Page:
Other and further objects of the invention will be in part apparent and in part set out in the detailed description of the several steps in the process which follows.

Referring to the accompanying drawing, we illustrate a flow diagram of the various steps comprising the process.

In step I, a given weight of mature green vanilla beans of a known moisture content are iinely chopped in an oxygen-free atmosphere. A typical moisture content of the bean is about Any conventional chopping means can be utilized.

Step II contemplates extracting the green bean extract from the chopped green beans and involves first adding water to the chopped beans. The temperature of the water is normally about room temperature (25 C.) but can be varied so long as the iiavor producing ingredients of the beans are not adversely affected. Addition of water is preferably in the approximate ratio of about three parts water to two parts beans, by weight This ratio can, of course, be varied over wide limits and is deiined only by practical expediency. Sufficient water should be added to provide a workable mass.

The water and bean mixture is thoroughly agitated `by any suitable means. The mixture is then pressed through a iilter medium on which the bulk of the bean fibrous material is retained and the liltrate is reserved'l representing the first green bean extract.

After this initial extraction, additional extraction steps and the various tiltrates are combined with the initial tration of green bean extract so that the concentration step is necessary. However, omission of concentration from our process Will result in a final extract which, although diluted below single strength, and not typically marketable, is, nevertheless, a product of some utility and contemplated by our invention.

In the case of utilization of our other curing step described hereinafter, which involves evaporation of green bean extract to dryness, we are not here faced with the attainment of a dilute final extract upon the omission of the concentration step because, of course, the very act of evaporating constitutes a type of concentration.

Nevertheless, a separate preceding concentration step is still desirable because of the fact that evaporation of a non-concentrated large volume of extract would be commercially impractical.

It should be noted that the extraction steps noted heretofore are also carried out in an oxygen-free atmosphere. In addition, it can be stated that any suitable type of filter medium can be used.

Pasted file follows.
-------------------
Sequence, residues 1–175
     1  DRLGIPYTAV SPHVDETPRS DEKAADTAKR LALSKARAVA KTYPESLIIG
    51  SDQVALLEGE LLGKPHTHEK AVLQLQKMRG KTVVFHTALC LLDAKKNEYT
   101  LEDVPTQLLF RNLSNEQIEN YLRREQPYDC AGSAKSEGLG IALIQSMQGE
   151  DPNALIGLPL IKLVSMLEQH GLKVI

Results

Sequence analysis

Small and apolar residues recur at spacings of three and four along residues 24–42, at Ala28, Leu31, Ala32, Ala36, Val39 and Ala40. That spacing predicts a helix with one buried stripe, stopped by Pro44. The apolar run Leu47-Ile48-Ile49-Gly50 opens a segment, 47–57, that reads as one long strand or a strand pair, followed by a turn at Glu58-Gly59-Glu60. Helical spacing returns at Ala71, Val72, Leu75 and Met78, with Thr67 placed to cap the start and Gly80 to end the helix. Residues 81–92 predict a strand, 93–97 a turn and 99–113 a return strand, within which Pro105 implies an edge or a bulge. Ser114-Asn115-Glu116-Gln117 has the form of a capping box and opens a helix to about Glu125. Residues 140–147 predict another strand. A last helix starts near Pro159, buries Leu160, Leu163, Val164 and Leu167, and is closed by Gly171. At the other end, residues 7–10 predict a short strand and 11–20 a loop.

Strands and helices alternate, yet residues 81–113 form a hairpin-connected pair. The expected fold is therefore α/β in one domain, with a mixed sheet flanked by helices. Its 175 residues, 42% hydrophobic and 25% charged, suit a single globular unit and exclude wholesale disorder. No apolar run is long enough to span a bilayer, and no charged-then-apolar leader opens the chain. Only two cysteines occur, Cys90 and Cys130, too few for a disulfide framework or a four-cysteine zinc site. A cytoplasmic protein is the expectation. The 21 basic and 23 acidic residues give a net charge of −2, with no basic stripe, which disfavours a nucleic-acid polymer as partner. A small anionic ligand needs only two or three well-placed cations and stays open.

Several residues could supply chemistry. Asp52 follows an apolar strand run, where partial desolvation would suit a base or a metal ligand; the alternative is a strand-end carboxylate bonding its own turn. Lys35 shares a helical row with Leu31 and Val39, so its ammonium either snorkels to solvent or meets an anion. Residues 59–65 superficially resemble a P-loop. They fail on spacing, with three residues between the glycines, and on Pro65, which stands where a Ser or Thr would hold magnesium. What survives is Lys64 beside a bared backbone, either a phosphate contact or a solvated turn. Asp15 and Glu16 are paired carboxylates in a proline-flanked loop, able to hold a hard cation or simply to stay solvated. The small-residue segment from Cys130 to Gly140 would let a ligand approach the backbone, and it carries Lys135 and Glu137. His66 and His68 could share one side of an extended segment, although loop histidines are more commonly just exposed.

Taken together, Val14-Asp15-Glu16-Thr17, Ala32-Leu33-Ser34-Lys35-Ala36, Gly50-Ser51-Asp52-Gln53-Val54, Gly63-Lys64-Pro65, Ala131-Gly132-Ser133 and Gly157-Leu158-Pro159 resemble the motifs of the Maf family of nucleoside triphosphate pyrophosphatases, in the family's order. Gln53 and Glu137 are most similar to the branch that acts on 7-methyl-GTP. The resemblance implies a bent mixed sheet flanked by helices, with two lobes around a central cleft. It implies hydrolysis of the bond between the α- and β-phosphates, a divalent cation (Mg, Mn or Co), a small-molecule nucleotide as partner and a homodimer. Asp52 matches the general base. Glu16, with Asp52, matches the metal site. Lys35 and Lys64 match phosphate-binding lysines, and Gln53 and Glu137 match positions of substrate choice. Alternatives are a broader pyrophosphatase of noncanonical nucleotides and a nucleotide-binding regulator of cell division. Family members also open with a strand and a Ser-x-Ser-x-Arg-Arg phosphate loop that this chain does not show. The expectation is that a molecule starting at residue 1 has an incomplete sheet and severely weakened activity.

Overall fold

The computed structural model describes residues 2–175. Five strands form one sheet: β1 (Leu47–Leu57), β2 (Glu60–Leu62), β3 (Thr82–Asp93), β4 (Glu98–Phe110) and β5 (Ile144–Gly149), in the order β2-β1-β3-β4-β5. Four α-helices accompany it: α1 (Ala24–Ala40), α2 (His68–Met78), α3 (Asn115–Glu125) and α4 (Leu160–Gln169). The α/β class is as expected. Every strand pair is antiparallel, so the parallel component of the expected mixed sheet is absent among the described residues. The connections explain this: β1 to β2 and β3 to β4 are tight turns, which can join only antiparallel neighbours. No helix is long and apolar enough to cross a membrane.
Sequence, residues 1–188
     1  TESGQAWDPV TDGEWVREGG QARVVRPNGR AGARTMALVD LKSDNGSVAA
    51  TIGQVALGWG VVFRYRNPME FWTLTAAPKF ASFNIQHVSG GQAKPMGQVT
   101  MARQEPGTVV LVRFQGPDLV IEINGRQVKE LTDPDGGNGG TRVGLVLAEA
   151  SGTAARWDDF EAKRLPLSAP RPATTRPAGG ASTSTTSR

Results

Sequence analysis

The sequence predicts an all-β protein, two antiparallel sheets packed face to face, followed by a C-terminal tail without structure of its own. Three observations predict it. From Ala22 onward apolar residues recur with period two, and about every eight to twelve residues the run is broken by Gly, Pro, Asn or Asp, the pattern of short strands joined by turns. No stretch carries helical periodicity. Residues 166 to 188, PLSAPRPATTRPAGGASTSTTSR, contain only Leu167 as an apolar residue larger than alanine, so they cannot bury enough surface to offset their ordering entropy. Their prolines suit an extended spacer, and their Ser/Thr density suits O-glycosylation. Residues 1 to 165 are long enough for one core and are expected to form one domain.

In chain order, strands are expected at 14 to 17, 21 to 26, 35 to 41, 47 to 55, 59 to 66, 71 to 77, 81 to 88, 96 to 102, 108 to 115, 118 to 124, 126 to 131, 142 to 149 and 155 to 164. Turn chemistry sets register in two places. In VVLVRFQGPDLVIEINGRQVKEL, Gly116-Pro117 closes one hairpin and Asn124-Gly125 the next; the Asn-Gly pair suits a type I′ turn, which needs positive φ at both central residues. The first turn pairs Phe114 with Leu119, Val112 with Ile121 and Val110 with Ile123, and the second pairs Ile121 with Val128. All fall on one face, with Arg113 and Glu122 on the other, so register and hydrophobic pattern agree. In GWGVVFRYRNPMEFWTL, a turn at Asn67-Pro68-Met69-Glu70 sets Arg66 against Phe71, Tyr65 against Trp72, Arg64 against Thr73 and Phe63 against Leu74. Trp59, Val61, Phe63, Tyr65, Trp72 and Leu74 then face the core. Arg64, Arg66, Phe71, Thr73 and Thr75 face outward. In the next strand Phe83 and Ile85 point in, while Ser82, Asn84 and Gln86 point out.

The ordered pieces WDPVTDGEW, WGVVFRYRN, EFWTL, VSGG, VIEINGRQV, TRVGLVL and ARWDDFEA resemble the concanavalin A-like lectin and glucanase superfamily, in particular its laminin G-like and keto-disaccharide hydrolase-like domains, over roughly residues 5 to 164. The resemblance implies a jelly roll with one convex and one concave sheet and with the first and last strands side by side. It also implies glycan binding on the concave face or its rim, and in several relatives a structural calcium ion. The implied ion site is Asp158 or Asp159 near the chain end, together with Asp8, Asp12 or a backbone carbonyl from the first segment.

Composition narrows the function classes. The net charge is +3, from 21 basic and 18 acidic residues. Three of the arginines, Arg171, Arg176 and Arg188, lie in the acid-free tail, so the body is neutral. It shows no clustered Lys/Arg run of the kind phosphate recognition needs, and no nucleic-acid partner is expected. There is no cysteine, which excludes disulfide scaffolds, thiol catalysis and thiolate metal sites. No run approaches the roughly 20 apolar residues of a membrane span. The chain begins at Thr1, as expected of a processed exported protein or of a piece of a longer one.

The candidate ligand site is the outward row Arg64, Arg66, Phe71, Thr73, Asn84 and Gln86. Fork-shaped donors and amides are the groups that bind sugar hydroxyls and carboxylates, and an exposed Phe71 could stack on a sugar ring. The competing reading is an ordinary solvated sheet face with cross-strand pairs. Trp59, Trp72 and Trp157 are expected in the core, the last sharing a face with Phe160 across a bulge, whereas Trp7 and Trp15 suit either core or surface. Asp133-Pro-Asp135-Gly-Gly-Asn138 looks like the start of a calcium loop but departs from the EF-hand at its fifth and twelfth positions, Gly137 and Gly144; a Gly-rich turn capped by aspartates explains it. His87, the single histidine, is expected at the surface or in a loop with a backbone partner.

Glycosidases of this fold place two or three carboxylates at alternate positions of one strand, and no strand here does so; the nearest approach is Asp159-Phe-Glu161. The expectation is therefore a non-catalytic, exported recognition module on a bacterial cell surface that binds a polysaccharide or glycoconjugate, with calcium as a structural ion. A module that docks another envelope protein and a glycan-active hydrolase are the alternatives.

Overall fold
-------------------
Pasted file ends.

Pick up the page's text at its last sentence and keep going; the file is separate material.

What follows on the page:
' As previously stated, the green vanilla beans and the green vanilla bean extract taken therefrom, have no vanilla flavor or odor. The oxygen-free atmosphere helps to insure such conditions, since 4development of flavor and odor are desired to be postponed until the final curing step.

The make-up of the green bean extract comprises water, and soluble and insoluble green vanilla bean solids. Of course, the exact composition is determined by the amount of green beans initially utilized, the amount of water used for extraction, and the degree of extraction that is carried ont. As pointed out heretofore, all of these factors are variable dependent only upon practical and commercial expediency.

Subject to the above comments as to possible omission of concentration step, the combined ltrates are then conveyed to a vacuum concentrator wherein concentration, which is step III of the process, occurs. The green bean extract is placed in this concentrator and heated under a vacuum to a temperature not substantially greater than about 30 C. and preferably about 28 C. The upper limit of 30 C. is subject to some variation and it should ybe borne in mind that, in the final analysis, the temperature of concentration should not be so high as to adversely aect the flavor producing ingredients of the green bean extract. As great a degree of vacuum as commercially practicable is desired.

The concentrator can be of standard design well known in the art. It contemplates the use of heat and high vacuum. A vacuum of about 35 mm. of mercury absolute is preferred.

The green bean extract is concentrated to whatever volume is necessary in order that the final concentrated extract will be of required strength and in accordance with practical expediency. As noted heretofore in the case of liquid curing, the degree of concentration of extract determines, to some extent, the strength of the final cured vanilla extract and, accordingly, is variable depending on whether a dilute extract or one of at least single final strength is desired. In any event, concentration should be carried out to an extent sucient to permit the addition of at least some ethyl alcohol, preferably 35% of final volume of cured vanilla extract.

In the case of curing involving evaporation of green bean extract, the degree of concentration is governed by commercial expediency, i. e., the less the degree of concentration, the more evaporation that is required in the curing step. l

Of course, in both instances noted heretofore, concentration should not be carried to such a great degree or accomplished in such a manner as to commence curing of the green bean extract in the concentration stage.